While waiting in line to buy my ticket to see “Phantom Thread”, the new film by Paul Thomas Anderson, I could not avoid eavesdropping on the conversation of two well-dressed women who were waiting to buy tickets for the same movie. One was very eager to see the movie. The other interestingly was more focused on talking about the Catholic Mass they just came from. The one excited about the film was worried that they would be late for the show since we had about 10 minutes to get tickets before showtime. When someone asked what movie they were going to see, the excited woman said “Phantom Thread, the movie about dresses and a dressmaker!”
I’m a huge fan of Paul Thomas Anderson, the director of the movie mentioned above. I purposely did not read too much about the movie Phantom Thread since I wanted to go in to be surprised and ready for the unexpected. Fans of the director PT Anderson know that his films easily divide audiences. The main reason for these divisions is that his films tend to go into unexpected and sometimes outrageous directions.
While his last movies have been historic drama pieces, they all have gone into storylines and plots that throw viewers off balance, scratching their heads to say “WTF!?” The thrill of his movies is not necessarily the complex stories and meticulous set pieces, its the surprises that he throws at viewers to challenge them on re-thinking what cinema is and isn’t.
Before you read further, I will add a spoiler note in that I will describe some of my favorite “WTF!” moments of PT Anderson’s movies. If you want to stay surprised and enjoy the unexpected, then I advise you stop reading this blog right now! If you already have seen the director’s repertoire, then you will not be surprised. If you are curious, then by all means read on!
My fascination with this director started when I viewed the movie “Boogie Nights.” The audacity to make a 2.5 hour film about the porn industry in the late 70s and early 80s obviously would challenge anyone who entered the theater. For me, the refreshing surprise was that the film wasn’t about the industry, but rather it was a film about lonely individuals looking for family and how family can be define for those whose real families fail to love, support, or care for others. In viewing the film, the unexpected moment comes in a shocking and graphic suicide of character Little Bill, played by William H. Macy.
Little Bill was the cameraman of porn director Jack Horner. Little Bill was the tortured soul in the “family” created by Jack Horner. While being oblivious to the acts he filmed, he couldn’t shake off the same acts that was used by his wife to belittle him. PT Anderson challenged the viewer to react to how Little Bill faced his “family” problem. The director brilliantly followed Little Bill through the house as he reacted to the demons impacting him. While the house party was welcoming the new decade of the 1980s, Little Bill, after performing an act of violence that is implied, goes into a living room while others are partying and laughing at him. Here, he smiles directly at the camera and pulls out a gun and shoots himself where immediately, “80s” flashes on the screen. Due to the graphic nature of the scene, I will not share it in this space, but do a YouTube search on “Boogie Nights Little Bill”, the scene will likely show up. It’s a stunner.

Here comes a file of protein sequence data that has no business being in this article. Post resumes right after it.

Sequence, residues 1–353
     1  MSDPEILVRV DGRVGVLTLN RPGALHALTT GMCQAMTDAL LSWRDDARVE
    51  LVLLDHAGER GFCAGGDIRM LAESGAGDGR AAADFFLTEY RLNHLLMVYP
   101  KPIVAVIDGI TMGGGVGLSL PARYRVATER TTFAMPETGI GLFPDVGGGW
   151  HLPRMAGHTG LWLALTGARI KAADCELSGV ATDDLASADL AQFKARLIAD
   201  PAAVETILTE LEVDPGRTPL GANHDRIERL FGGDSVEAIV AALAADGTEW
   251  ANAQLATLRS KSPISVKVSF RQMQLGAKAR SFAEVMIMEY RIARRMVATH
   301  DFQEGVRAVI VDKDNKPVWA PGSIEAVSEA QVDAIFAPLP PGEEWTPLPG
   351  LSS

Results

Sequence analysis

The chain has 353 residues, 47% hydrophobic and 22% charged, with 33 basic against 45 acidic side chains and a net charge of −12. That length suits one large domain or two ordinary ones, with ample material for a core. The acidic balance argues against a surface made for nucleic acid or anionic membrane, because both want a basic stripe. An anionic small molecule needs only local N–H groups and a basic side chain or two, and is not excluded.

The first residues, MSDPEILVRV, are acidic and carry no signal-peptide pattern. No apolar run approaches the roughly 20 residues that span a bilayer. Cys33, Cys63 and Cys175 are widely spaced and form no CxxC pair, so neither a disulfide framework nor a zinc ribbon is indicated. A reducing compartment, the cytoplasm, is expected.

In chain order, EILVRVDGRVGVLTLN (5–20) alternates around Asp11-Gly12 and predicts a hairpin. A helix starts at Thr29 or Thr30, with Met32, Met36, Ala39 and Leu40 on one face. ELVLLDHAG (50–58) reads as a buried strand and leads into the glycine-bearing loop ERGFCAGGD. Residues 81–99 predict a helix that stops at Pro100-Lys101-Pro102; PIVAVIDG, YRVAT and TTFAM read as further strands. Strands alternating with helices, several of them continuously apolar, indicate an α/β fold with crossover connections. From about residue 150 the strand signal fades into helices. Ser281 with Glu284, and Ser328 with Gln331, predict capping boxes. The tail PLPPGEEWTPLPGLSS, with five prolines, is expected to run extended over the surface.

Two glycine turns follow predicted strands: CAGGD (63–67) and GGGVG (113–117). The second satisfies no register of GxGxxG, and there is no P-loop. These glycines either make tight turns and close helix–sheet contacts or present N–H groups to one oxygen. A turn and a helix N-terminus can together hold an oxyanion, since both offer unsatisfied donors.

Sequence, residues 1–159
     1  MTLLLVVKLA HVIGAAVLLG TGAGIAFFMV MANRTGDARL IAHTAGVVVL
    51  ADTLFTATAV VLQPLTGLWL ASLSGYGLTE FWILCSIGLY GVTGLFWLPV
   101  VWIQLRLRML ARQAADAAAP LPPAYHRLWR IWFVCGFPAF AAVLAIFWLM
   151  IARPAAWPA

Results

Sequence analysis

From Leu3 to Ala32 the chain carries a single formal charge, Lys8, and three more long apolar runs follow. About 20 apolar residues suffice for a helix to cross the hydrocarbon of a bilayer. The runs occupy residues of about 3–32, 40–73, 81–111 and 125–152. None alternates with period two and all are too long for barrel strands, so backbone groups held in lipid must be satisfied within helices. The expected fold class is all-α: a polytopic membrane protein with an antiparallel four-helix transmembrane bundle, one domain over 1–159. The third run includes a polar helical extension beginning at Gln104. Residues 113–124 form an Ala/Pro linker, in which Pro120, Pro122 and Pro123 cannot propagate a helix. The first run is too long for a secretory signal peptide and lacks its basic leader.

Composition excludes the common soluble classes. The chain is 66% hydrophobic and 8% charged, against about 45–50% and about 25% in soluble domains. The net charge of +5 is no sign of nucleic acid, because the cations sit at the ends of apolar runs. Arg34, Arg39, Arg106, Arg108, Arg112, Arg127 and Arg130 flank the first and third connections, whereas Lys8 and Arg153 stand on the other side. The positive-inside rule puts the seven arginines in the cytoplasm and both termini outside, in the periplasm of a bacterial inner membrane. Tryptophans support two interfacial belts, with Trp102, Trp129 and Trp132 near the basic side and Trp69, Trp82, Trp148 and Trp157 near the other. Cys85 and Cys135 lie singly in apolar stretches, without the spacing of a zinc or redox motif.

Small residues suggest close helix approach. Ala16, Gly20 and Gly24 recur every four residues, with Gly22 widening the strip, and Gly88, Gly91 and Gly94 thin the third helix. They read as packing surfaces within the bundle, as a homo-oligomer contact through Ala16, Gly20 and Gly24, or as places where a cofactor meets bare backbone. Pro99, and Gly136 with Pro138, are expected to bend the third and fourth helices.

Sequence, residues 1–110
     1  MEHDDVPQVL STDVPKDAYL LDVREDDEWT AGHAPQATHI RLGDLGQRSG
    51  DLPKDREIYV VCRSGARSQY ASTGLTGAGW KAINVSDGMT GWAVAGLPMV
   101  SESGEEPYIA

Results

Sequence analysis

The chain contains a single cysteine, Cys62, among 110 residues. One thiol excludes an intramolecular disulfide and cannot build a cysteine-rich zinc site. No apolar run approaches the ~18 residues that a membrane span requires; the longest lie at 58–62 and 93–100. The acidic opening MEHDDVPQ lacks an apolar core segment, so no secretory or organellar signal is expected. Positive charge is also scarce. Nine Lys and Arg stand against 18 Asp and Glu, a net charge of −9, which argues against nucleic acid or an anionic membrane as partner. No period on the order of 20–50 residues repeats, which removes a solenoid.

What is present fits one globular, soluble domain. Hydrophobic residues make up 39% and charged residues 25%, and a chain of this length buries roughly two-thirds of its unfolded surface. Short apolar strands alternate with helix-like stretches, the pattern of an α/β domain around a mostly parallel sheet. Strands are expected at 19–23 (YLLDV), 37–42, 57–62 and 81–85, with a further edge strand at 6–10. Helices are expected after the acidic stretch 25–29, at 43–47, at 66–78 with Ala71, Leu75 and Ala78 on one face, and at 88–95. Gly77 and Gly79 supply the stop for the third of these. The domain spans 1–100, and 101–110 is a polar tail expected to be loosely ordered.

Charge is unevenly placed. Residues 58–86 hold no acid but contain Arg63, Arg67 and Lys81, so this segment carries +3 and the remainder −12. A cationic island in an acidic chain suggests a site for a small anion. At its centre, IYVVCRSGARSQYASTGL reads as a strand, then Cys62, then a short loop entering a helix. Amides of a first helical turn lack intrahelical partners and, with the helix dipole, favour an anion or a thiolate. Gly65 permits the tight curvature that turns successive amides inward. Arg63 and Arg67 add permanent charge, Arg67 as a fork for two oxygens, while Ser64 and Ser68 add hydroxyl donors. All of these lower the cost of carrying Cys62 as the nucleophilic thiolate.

One of my favorite movies to this day is “Punch-Drunk Love”, a strange and sweet love story about a man with anger issues and a plan to fly anywhere in the world courtesy of a pudding promotion. If you never seen this movie, you are likely saying “what?” This movie is full of PT Anderson’s tricks, leading viewers on a strange trip through one man’s quest to find love. One can dissect the opening scene alone for ages to find out its meaning. In this film, the unexpected moment for me was when love is reached for the character Barry. Once it is, the director stages one of the most beautifully filmed first kiss scenes in cinema.
One of favorite movies of all time is “Magnolia”. Much has been written about the movie’s infamous “it’s raining frogs” scene. This alone would create the biggest “WTF!” moment. However for me, PT Anderson’s best unexpected twist is actually constructing a film where plots and characters are all connected by Aimee Mann songs.
I had the terrific opportunity to attend an Aimee Mann concert recently and I was beyond thrilled that she sang three songs from the Magnolia soundtrack. The movie was widely discussed on how audiences felt about two pivotal scenes. First, the raining frogs and second, the characters who sing Ms. Mann’s song “Wise Up”. When I first viewed the movie (I saw it 3 times at the theater), audiences walked out mostly on the Aimee Mann scene. Again, PT Anderson threw an expected twist on the movie experience, once again challenging what we expect when we see a drama. For me, it’s one of the most beautiful depictions of lonely people who are, in fact, not alone.
So, it was no surprise that today’s viewing of “Phantom Thread” did not disappoint…at least for me. I will not give away any scenes other than the movie, like all PT Anderson movies, takes viewers on an interesting ride which if audiences pay attention, will provide a turn that will likely make a few go “WTF!”
Back to my friends who were excited to see the movie. When I was leaving the theater I walked past them. While they were still planted in their seats, I did overhear the one most excited telling her friend, “What was that?” I just laughed when I heard that comment. In my head, I said “A PT Anderson picture.” We were all taken for a ride. Yes, it was about dresses. Yes, it was about a dress maker. And yes, it was about……well, you just have to go see it yourself.